1952 Claud Butler Massed Start #522513 (skip find)

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Had this frame set donated to my collection by Shortarts today, Cheers Steve!
It’s a frame that was dragged out of a loft during a house renovation project, then unceremoniously dumped in a builder’s skip. :cry:
Fortunately Steve, spied the end of the forks and hoyked it to safety… :D
I’d seen some photos and one particular detail stood out, that of the cable roller. Matching that with the date I originally thought it might be a Continental Classique.
Now I have the frame in my possession, I realise my initial thoughts are way out, I think its most likely to be a No6 “Closed Circuit” Mk2, this is by far the closest to its kit and details although there is one curved ball… The KROMO Chrome Molybdenum Steel tubing transfer.
The "Closed Circuit" bikes are advertised in the 1949 Catalogue and the last reference I can find to Accles & Pollock tubing was in the 1948 catalogue, whereas this frame is clearly stamped up as built in 1952.
So, I’m going to run some photos and details past the CB Marque specialist at the VCC. And get a second opinion.

But if any of you want to throw your two peneth in, be my guest!

Chris. :cool:
 

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Re: 1951 Claud Butler No7 “Closed Circuit” Mk1 Any opinions?

And some lug details;
 

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Re: Re:

NeilM":1e70v7sk said:
GAWD! You like a bit of a challenge, don't you.

Out of the two free bikes I was given on that day Neil, I think we both know which one is going to be the easier! :shock:
 

skylark

Dirt Disciple
Re:

Nice find! Who doesn't appreciate a decent skip find?

Interested to see how it cleans up, the pitting looks pretty deep in a few places. I'm sure you'll do your usual cracking job of course!
 

torqueless

Senior Retro Guru
Re:

I really like those Gnutti splined cranks... theoretically. No cotter pins, no dedicated crank removal tools necessary..
 

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Re: Re:

skylark":2k5cqouj said:
Nice find! Who doesn't appreciate a decent skip find?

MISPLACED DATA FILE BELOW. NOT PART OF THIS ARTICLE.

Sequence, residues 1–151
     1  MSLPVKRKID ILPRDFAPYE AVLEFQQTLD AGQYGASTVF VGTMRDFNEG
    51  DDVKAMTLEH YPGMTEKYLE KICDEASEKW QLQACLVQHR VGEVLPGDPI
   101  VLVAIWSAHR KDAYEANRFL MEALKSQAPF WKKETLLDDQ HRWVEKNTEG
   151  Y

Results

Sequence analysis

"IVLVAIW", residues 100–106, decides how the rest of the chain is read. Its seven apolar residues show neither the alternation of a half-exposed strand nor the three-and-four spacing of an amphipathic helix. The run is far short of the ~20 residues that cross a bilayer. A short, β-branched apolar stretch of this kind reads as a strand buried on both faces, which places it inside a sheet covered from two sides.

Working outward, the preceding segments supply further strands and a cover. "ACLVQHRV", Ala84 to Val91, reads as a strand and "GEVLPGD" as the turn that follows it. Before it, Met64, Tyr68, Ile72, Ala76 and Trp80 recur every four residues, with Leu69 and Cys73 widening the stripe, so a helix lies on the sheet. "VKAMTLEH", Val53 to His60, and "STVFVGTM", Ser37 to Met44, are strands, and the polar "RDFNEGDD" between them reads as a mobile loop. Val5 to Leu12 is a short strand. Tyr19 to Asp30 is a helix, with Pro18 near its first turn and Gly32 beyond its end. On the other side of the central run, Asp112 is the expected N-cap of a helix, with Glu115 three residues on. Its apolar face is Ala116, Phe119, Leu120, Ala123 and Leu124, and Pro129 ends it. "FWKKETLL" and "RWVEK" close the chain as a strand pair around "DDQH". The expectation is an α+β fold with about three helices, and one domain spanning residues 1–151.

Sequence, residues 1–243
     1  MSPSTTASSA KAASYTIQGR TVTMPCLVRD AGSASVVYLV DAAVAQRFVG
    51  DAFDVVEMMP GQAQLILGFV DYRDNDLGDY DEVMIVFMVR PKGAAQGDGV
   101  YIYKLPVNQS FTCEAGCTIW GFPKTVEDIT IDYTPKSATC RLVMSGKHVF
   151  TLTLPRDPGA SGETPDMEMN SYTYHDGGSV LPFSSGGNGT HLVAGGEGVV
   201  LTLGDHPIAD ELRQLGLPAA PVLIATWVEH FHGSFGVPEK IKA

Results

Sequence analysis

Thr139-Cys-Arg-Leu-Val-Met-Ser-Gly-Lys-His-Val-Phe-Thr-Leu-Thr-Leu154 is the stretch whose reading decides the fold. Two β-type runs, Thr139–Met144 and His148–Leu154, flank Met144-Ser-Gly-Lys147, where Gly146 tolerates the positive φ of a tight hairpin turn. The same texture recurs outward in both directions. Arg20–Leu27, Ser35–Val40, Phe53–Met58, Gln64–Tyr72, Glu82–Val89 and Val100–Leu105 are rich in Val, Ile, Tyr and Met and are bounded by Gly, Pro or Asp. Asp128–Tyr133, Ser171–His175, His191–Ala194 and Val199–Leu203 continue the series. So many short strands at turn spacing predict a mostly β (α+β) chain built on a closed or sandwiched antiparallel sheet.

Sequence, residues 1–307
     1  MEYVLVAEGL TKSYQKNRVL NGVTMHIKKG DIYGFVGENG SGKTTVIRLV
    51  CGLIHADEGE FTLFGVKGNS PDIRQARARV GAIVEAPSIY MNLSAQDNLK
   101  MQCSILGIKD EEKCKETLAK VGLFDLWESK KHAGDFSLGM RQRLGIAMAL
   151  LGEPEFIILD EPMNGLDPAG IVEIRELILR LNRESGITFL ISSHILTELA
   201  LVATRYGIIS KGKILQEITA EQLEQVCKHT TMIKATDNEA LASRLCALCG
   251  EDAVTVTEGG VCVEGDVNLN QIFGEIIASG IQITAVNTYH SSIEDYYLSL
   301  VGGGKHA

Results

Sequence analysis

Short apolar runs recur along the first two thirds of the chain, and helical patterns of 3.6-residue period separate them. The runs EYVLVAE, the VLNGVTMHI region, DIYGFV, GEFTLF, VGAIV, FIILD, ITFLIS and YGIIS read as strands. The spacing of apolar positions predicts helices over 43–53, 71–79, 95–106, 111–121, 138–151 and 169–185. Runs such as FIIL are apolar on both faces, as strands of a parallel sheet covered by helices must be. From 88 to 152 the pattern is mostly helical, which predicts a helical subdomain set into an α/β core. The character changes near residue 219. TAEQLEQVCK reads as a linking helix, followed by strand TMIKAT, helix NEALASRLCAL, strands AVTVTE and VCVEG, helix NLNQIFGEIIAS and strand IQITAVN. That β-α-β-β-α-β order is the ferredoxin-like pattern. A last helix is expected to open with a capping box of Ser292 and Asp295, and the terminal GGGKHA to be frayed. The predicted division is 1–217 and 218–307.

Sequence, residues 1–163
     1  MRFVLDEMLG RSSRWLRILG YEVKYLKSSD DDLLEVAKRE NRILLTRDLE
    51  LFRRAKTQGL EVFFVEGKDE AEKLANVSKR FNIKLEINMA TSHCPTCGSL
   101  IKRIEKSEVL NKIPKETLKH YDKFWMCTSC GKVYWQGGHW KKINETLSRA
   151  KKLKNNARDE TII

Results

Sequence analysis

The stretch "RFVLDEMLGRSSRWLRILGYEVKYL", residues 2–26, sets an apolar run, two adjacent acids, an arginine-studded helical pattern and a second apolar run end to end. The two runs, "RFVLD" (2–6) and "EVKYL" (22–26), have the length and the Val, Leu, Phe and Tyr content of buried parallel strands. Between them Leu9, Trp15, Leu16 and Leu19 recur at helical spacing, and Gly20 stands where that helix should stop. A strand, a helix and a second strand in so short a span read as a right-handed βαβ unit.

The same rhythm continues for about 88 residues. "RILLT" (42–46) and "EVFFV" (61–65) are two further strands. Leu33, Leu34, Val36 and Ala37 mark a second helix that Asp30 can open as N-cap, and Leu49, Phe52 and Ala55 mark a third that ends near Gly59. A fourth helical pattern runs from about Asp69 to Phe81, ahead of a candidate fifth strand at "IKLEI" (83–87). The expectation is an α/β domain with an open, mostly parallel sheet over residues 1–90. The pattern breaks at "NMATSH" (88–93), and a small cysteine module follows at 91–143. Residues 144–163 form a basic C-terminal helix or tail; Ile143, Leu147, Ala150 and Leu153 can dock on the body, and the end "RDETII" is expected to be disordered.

Interested to see how it cleans up, the pitting looks pretty deep in a few places. I'm sure you'll do your usual cracking job of course!
Got THM to thank for this one, the “find” was on the introduce yourself thread….

torqueless":2k5cqouj said:
I really like those Gnutti splined cranks... theoretically. No cotter pins, no dedicated crank removal tools necessary..


Hmmm, nice theory, the retaining bolt moved no problem, and the splined axle looks clean enough, but this baby isn’t going anywhere without a fight….. its now soaked in WD40 whilst I earn brownie points in the garden…
 

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peetee

Senior Retro Guru
Re: 1951 Claud Butler No7 “Closed Circuit” Mk1 Any opinions?

Looks like a great project but one thing is bugging me. Are the forks straight? I know the picture is close up (mystery 12) but to my eye the forks don't look parallel to the head tube.
 

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Re: 1951 Claud Butler No7 “Closed Circuit” Mk1 Any opinions?

Whilst mowing the lawn I had a little epiphany… working on the principle that the mechanical advantage of un-screwing a thread is quite strong, I hit upon the idea of ganging up a couple of cheep thin Halford spanners and then un-screwing the left cup against them…. Hey presto…easy peasy :D
 

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Re: 1951 Claud Butler No7 “Closed Circuit” Mk1 Any opinions?

peetee":bxbvgx5h said:
Looks like a great project but one thing is bugging me. Are the forks straight? I know the picture is close up (mystery 12) but to my eye the forks don't look parallel to the head tube.


I see what you mean, but rest assured they are fine. The photo has them back to front and without any balls in the head set.

I’m more concerned about the chain stay, I can’t work out if the kink is deliberate or not… whats swaying me towards a deliberate Kink is;
a. The drop-outs are parallel
b. The seat stays are straight
c. If the chain stay wasn’t kinked, it would be extraordinarily close to those Guntti twin chain rings
 

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